Apocalypse Now: The End of the World in Modern Cinema


We human beings sure love our own destruction don’t we? From alien invasions to governmental coups to superheroes saving the world while simultaneously murdering hundreds of thousands (looking at you Man of Steel) numerous films, particularly in recent cinema, seem showcase absurd amounts of destruction with the overhanging sense that the end of the world is upon our characters.

Some films even go as far as to have their films take place in a time when the apocalypse has already happened and our unfortunate band of survivors have to struggle to obtain supplies or overthrow some corrupt dynasty, whatever the plot may be. The threat of an apocalypse is a plot device that’s been present in cinemas for decades yet recently there’s been such a growth spurt in films using this plot device that it borders on obsession.

Let’s list some films from last year that depicted an apocalyptic environment or an impending plot to end the world: The 5th Wave, Batman v Superman, Independence Day: Resurgence, X-Men: Apocalypse, Gods of Egypt, Warcraft, The Girl with all the Gifts, Suicide Squad – the list goes on. Even before last year’s surge we had some films where the end result was the world literally ending. Examples include The Cabin in the Woods, The Cornetto Trilogy’s The World’s End and even the alternative ending to Little Shop of Horrors. Why is this the case?  Are we as a species just naturally bloodthirsty or is there some underlying social reason why so many films seem fixated on preventing or surviving an apocalypse?

Perhaps from a social perspective it’s because the world is naturally dangerous. As we grow older we learn about things that were kept from us as children to protect our innocence – such as modern terrorism or atrocities in history like the Holocaust or the Crusades. We even learn about pinnacle events such as the Cuban Missile Crisis, something many historians would debate as the closest humanity ever came to Nuclear War and thus a potential apocalypse.  We learn that the world is a scary place. Thankfully, even before we made this harrowing revelation, film serves primarily as a form of escapism and continues to do so. If The Avengers or Katniss Everdeen or even a drunk Simon Pegg can prevent the end of the world or even navigate their way through an apocalypse maybe we can handle our own struggles and woes, regardless of a lack of superpowers.

Maybe that’s the key reason why we like seeing the apocalypse in cinema, or maybe it’s just because we like how visual mediums depicts devastation. Whatever the reason, film has served as a source of comfort or even as a coping mechanism since its inception, frequently using the apocalypse as a means to an end. Lately however problems have begun to arise around how seemingly generic the apocalypse has become. The end of the world is constantly looming over the heads of heroes and every young adult film post-Hunger Games looks the same with its dystopian setting (although Allegiant’s disastrous box office seems to have finally killed that trend). How long will it be before the world means as little as a stubbed toe, or until apocalyptic settings replace common suburbia in film?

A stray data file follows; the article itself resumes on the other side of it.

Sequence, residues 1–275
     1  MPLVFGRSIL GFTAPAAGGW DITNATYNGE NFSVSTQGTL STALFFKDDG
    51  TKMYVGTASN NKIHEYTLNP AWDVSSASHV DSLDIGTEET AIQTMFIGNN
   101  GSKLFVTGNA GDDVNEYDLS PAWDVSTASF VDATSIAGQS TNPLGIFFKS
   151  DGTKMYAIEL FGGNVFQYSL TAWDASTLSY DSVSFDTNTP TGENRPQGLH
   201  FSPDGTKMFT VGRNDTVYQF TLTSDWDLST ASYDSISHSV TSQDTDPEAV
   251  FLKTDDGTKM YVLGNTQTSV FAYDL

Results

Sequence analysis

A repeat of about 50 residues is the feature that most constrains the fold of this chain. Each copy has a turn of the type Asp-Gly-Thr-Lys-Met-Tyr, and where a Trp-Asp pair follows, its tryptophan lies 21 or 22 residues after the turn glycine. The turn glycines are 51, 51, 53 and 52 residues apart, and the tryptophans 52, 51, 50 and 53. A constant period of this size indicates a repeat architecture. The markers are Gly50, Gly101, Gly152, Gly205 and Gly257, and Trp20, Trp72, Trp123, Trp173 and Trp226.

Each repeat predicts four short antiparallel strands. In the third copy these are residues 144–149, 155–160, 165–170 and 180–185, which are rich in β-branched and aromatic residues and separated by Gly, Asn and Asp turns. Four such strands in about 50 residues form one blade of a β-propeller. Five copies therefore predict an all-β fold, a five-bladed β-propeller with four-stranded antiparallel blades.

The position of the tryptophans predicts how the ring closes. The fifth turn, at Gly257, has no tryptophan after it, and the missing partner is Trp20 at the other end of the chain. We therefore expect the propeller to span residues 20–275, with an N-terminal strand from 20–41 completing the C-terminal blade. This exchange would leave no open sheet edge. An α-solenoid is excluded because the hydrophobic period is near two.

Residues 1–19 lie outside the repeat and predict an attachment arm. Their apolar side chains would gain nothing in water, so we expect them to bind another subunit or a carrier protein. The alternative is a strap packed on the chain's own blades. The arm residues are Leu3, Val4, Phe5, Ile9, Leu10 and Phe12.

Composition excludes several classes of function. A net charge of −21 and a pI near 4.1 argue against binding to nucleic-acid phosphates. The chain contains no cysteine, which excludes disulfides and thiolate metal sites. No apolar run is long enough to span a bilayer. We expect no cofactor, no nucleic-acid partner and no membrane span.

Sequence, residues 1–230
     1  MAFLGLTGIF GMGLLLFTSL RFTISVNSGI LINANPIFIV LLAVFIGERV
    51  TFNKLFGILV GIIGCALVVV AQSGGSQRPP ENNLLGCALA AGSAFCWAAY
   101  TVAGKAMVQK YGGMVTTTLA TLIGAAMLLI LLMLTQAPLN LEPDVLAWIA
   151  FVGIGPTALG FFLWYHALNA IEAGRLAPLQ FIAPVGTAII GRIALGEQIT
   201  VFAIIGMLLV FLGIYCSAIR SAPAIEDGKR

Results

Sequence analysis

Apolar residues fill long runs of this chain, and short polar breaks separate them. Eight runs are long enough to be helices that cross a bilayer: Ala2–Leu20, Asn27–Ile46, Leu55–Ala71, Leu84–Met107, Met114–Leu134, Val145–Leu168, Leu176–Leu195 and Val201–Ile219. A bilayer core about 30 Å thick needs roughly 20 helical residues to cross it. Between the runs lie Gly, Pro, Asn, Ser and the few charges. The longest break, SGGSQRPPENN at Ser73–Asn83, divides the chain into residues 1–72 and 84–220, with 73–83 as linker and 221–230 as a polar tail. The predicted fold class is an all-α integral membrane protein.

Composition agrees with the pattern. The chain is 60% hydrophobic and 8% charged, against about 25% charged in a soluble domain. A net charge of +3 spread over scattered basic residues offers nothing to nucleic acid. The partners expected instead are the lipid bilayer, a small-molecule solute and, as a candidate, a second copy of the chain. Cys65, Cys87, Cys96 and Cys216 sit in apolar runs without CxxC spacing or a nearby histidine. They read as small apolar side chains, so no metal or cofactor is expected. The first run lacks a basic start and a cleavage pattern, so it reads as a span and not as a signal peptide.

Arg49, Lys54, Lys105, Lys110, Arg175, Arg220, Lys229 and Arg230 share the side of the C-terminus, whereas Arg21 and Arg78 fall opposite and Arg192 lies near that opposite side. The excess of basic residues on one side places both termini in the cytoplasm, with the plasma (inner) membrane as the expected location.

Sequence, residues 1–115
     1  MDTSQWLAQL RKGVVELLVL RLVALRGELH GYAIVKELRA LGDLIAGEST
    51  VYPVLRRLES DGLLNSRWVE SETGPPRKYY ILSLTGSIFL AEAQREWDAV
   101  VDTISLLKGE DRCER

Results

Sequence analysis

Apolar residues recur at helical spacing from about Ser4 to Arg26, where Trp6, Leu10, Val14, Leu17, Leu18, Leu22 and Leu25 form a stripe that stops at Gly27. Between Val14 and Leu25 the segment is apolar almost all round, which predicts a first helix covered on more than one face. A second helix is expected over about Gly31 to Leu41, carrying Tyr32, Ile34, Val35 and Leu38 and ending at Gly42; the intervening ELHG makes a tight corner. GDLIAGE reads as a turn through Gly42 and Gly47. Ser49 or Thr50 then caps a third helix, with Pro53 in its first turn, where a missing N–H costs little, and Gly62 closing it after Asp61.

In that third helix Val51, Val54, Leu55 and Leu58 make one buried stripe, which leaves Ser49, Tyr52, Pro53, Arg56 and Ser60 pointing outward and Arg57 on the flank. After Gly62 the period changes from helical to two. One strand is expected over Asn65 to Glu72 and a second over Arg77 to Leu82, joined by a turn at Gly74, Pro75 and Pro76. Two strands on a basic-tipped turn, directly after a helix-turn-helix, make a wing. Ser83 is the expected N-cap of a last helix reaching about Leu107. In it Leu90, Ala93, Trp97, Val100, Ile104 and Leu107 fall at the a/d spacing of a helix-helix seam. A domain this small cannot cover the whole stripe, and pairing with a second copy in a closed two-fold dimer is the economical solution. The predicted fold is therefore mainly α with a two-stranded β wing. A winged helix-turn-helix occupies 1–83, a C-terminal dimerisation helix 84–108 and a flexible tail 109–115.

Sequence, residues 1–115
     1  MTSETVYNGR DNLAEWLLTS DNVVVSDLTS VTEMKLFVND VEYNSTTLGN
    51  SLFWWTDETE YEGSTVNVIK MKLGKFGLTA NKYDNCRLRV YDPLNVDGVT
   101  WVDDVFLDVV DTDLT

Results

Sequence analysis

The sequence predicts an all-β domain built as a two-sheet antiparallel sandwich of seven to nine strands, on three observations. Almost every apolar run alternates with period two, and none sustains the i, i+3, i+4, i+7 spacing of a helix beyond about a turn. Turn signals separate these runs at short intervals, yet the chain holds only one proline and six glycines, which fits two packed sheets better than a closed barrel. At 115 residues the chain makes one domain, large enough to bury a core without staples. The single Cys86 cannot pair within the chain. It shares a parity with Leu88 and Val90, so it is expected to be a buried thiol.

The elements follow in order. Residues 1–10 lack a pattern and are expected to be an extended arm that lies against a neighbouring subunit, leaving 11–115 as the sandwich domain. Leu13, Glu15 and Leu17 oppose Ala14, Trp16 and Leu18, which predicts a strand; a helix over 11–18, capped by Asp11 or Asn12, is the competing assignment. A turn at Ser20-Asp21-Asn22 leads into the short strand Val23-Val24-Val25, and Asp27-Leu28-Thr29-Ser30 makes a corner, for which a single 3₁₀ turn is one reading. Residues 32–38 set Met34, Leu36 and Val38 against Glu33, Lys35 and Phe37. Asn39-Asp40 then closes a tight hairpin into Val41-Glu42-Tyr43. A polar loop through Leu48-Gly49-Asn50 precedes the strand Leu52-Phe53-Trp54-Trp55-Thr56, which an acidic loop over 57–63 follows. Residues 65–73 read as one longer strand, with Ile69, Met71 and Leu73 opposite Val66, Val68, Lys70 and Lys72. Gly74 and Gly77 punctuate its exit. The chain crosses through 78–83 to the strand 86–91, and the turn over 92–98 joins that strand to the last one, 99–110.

For this more variety needs to be introduced. Let’s assume audiences desperately need their thirst for destruction quenched – apocalypses are fine, but now mundane, and thus filmmakers need to do more to explore other aspects of the plot device. Last year’s The Girl with all the Gifts wasn’t especially good but it had a very provocative ending that suggested its central zombie apocalypse was the next stage in life and that it was best for humanity to just let nature take its course. The alternative ending to Will Smith’s I am Legend did something similar before opting for a more formulaic route. Had it gone with the previous ending it would have been much more remarkable and thought provoking than it eventually became. Recent Marvel films like Ant-Man and Captain America: Civil War had more personal, self-contained threats, rather than international ones and judging from the trailers Spiderman: Homecoming seems like it’s going to do the same. These either choose to ignore the end of the world or convey a novel perspective on it, and are therefore essential if we want to continue to appreciate the apocalypse in cinema.   

Films obsessing over the end of the world is nothing new and odds are they’re liking going to continue to do so for years to come. That’s all fair and good given the spectacle we’re usually treated to but hopefully we’ll get more variation on our doom in future. After all it’s not what you do that makes something original; it’s how you do it.

[Calum Cooper]

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